A wonderful bronze study of two racehorses with Jockeys up meeting after the race for a friendly chat. The bronze with excellent rich brown and deep green patina and very fine hand chased surface detail on a naturalistic shaped base, signed J Knight and numbered 6/9
In this bronze racehorse sculpture, two thoroughbreds have finished their race, and are walking off the track whilst their jockeys have a casual conversation. The leading horse has its head lowered after a long race. The whole piece is expressive of the spent powerful energy of the horse. An edition of nine.
Horse racing is the second largest spectator sport in Great Britain, and one of the longest established, with a history dating back many centuries. It generates over £3.7 billion for the British economy. and the major horse race events such as Royal Ascot and Cheltenham Festival are important dates in the British and international sporting and society calendar.
The sport has taken place in the country since Roman times and many of the sport’s traditions and rules originated there. The Jockey Club, established in 1750, codified the Rules of Racing and one of its members, Admiral Rous laid the foundations of the handicapping system, including the weight-for-age scale. Britain is also home to some of the world’s iconic horse race courses including Newmarket, Ascot and Cheltenham and many of the world’s iconic races including the Epsom Derby, Grand National and Cheltenham Gold Cup. The UK has also produced some of the greatest jockeys, including Sir Gordon Richards and Lester Piggott.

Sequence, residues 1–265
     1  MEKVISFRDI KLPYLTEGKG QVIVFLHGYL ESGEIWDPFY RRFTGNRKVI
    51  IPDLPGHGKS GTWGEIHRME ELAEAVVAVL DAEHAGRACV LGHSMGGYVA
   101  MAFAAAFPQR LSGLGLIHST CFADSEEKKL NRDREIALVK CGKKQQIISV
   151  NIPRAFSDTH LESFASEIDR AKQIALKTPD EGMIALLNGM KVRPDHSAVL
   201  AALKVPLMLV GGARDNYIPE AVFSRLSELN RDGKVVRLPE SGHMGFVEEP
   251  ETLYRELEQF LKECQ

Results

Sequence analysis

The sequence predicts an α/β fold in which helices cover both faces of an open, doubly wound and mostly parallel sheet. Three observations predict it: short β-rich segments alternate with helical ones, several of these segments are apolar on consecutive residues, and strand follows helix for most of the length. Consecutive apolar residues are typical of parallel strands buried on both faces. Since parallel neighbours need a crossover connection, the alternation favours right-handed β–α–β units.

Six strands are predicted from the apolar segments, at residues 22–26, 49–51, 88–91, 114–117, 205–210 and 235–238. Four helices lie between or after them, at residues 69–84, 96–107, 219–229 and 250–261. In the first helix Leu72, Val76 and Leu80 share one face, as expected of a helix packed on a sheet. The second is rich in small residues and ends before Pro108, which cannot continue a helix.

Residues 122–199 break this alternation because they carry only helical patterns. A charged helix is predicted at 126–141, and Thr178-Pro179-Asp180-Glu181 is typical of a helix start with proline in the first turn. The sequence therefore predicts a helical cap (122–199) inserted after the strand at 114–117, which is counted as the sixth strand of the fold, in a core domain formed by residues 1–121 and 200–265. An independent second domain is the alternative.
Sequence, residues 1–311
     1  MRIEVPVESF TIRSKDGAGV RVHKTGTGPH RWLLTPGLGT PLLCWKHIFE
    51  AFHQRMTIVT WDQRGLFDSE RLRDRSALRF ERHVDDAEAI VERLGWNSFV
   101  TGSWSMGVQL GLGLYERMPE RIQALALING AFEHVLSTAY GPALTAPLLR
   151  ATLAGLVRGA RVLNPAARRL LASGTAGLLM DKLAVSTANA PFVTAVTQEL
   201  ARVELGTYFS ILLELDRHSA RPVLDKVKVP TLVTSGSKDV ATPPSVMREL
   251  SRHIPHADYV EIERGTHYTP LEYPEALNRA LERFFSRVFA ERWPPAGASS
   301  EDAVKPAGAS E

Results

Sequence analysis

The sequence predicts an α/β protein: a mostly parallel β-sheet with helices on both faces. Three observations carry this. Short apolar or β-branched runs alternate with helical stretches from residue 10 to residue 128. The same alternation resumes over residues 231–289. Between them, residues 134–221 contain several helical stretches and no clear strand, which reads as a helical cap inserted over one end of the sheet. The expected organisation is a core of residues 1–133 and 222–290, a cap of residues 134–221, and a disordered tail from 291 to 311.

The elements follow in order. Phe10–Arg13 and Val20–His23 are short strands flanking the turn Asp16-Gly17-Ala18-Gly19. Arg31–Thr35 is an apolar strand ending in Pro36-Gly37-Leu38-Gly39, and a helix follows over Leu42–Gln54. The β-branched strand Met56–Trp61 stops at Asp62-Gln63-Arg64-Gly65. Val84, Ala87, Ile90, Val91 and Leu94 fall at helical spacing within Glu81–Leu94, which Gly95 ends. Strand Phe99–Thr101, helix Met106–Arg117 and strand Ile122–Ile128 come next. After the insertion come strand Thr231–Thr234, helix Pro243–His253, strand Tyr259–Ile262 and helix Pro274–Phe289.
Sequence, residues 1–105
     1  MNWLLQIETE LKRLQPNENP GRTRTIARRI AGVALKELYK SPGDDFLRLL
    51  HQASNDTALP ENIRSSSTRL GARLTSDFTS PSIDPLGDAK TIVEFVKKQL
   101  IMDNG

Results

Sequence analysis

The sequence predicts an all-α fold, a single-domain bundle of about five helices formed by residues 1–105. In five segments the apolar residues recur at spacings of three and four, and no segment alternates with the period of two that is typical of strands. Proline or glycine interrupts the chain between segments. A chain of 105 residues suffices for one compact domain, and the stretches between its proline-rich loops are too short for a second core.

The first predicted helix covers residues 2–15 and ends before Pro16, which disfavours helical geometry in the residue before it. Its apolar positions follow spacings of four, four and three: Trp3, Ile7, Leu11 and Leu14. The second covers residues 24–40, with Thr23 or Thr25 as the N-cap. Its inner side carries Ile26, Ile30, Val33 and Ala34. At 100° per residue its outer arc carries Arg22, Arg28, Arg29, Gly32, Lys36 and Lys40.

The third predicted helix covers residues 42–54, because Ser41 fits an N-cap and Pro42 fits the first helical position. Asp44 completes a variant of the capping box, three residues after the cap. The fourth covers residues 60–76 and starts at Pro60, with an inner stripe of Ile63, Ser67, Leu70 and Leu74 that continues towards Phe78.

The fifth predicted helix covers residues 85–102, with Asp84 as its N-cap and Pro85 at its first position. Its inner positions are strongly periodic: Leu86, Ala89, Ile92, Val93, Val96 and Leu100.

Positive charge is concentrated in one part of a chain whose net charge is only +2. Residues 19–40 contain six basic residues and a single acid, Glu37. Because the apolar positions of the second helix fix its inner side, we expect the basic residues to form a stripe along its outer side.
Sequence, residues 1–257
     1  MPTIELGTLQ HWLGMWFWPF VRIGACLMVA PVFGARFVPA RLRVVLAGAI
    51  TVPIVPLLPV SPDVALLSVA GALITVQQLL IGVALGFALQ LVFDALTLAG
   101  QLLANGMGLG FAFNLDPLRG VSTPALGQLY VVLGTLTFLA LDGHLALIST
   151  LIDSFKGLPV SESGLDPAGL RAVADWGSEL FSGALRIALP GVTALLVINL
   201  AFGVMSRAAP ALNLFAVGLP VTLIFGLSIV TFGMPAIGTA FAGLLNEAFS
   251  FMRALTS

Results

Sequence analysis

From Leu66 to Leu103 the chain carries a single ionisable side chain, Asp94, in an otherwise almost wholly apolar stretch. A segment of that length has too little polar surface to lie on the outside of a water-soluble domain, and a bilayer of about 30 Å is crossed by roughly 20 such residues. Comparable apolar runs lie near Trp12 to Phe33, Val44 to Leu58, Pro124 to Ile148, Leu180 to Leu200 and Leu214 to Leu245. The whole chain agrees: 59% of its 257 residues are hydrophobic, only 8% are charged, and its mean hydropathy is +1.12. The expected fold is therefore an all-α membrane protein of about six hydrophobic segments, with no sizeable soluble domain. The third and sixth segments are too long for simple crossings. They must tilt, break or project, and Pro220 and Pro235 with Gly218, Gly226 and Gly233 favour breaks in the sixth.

Britain has also historically been a hugely important centre for thoroughbred racehorse breeding. All modern thoroughbred racehorses can trace a line back to three foundation sires which were imported to Britain in the late 17th/early 18th centuries and the General Stud Book first published by James Weatherby still records details of every horse in the breed.
Gambling on horse races has been one of the cornerstones of the British betting industry and the relationship between the two has historically been one of mutual dependence. The betting industry is an important funder of horse racing in Great Britain, through the betting levy administered by the Horse race Betting Levy Board and through media rights negotiated by racecourses and betting shops.
There are two main forms of horse racing in Great Britain.
- Flat racing, a horse race which is run over distances between 5 furlongs and 2 miles 5 furlongs 159 yards on courses without obstacles
- National Hunt racing, a horse race run over distances between 2 miles and 4 1/2 miles, where horses usually jump either hurdles or fences (races known as steeplechases). There is also a category of National Hunt races known as National Hunt flat races, which are run under National Hunt rules, but where no obstacles are jumped.
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